Simply put, we are empowered to forgive because of what Christ has done for us and in us. Last week, as I was preparing for the small group of which I am a part at the local church I attend, I found myself meditating more and more deeply on God’s gracious gift of forgiveness. And the more I contemplated its reality, the more awestruck I became as the magnitude of God goodness (if that is possible) became more clear to me.
The Noah Webster 1828 dictionary defines forgiveness as, “The act of forgiving; the pardon of an offender, by which he is considered and treated as not guilty.” I mean seriously, Selah, just pause and think about that. He treated us as not guilty, even when justice demanded that he should not. We have all failed miserably in certain places in our lives, sinned horribly against God. In some cases, we have blatantly disregarded what we have known to be right. Yet in all of this, God has remained faithful in both his willingness and desire to forgive us, to make a way whereby we can be reconciled to him through the completed work of Christ on the cross. Romans 5:8 says, “but God shows his love for us in that while we were still sinners, Christ died for us.” In other words, while we were still doing our own thing, not concerned or even caring about anything God had to say, he sent his own Son to die for our sins. According to today’s understanding, that would be equivalent to giving your child as a sacrifice for the benefit of one who not only worked against you but potentially did not like you. It may sound crazy, but it’s true. In reality, it is harder to see someone we love be wounded rather than suffer that same wound ourselves. Yet, that is what God did when he sent Jesus to suffer and die for the wrong each of us has committed against him.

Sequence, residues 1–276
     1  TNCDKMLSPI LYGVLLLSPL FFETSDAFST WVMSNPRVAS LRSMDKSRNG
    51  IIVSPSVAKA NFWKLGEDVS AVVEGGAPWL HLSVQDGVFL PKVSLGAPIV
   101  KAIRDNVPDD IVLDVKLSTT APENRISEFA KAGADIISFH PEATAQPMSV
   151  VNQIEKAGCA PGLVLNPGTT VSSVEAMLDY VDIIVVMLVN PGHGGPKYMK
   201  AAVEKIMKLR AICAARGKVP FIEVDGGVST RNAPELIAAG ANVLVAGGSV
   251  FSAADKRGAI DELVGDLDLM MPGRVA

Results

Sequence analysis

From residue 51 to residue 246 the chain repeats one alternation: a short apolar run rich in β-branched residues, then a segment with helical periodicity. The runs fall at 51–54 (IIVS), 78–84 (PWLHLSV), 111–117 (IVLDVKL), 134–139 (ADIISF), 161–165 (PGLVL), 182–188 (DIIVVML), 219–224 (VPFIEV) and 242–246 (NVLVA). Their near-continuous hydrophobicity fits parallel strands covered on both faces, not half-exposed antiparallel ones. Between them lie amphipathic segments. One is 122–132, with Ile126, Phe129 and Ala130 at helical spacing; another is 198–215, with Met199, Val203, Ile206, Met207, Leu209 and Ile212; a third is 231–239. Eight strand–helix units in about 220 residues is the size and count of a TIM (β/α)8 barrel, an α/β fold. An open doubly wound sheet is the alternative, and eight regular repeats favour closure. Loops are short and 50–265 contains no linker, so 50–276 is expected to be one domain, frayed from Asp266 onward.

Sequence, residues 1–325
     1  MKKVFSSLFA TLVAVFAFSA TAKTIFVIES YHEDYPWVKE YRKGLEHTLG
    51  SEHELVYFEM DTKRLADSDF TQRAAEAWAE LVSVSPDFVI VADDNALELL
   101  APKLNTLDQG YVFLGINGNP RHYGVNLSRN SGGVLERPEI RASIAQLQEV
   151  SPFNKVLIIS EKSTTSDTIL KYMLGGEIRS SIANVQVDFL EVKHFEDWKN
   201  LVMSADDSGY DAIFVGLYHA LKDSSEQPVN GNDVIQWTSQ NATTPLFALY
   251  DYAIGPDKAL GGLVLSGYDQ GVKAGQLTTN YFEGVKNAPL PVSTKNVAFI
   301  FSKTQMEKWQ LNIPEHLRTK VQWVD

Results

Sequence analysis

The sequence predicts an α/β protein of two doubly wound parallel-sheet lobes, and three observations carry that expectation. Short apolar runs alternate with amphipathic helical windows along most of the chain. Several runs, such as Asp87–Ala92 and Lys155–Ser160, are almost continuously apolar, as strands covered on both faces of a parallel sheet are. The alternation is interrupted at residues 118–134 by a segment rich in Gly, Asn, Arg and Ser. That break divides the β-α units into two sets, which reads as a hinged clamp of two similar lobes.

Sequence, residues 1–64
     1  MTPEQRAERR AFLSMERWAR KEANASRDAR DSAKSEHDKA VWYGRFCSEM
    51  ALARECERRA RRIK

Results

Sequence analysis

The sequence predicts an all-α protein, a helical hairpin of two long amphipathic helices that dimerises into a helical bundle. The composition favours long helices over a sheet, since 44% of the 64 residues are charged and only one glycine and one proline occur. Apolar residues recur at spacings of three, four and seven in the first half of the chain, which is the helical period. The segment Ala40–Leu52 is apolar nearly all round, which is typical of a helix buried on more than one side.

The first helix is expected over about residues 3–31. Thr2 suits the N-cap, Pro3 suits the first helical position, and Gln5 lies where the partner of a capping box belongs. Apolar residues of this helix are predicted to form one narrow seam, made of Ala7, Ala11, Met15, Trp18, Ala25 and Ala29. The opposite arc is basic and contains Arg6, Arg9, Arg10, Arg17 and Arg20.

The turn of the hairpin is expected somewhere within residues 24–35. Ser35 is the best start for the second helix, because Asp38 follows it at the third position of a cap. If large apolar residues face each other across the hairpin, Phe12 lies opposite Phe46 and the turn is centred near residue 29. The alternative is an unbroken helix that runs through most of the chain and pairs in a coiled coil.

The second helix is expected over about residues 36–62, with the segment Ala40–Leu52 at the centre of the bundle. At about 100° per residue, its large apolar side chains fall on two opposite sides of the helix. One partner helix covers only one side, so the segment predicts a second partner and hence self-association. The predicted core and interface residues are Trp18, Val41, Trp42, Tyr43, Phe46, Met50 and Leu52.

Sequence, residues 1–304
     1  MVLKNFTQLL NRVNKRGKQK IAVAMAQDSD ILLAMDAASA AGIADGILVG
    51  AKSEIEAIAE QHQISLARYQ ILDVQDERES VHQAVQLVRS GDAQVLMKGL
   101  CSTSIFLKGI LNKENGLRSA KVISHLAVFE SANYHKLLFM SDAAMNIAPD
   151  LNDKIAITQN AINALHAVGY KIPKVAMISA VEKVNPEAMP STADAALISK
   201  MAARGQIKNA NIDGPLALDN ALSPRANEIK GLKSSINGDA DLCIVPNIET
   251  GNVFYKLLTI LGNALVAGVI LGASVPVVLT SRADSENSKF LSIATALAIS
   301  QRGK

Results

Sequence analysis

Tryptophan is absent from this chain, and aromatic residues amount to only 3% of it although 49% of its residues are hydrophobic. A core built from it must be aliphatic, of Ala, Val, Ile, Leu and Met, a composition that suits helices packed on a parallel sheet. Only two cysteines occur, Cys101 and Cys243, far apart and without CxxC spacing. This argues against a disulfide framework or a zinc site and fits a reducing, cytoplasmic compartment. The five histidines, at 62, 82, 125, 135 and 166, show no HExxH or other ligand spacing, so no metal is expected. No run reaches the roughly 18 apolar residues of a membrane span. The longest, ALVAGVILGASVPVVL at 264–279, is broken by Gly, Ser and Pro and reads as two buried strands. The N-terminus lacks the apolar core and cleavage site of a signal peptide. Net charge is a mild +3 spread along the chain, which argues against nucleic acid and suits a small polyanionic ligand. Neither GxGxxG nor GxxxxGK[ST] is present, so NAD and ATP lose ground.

Though it may not be easy, because of this, we are empowered to forgive. Romans 6:6 says, “Romans 6:6 Knowing this, that our old man is crucified with him, that the body of sin might be destroyed, that henceforth we should not serve sin.” The verb used here is present tense, signifying the present state or condition of the one who has placed his or her trust in Christ. To think about it a different way, we are set free from the that which held us captive to living lives contrary to God’s standard. We also read in 2 Corinthians 5:17, “Therefore if any man be in Christ, he is a new creature: old things are passed away; behold, all things are become new. And from in Romans 5:1 we learn, ““therefore having been justified by faith, we have peace with God through our Lord Jesus Christ.” All of these are present tense. We have the power to carry out all that God desires because of who we have become in him. The completed work of Christ on the cross and the indwelling Spirit, who comes to live in us as a result, empowers us, fills us with the grace to do all God requires, that includes the grace to forgive. In the book of Philippians 2:13 we are informed, “For God is working in you, giving you the desire and the power to do what pleases him.” God did not only require us to forgive. He first became the example by doing it himself. Before we are commanded to forgive, we become the beneficiaries of the same forgiveness. We are brought back into right relationship with him. We are filled with his grace, which is his divine influence on our heart for the enabling of its manifestation in our lives. To put it another way, while forgiveness is certainly not easy, it does become possible both through what God has done for us and in us in the person of Jesus Christ.
May God fill you with his peace and joy this week, and my you empowered with the grace that he provides to live in continued alignment with his will for your life.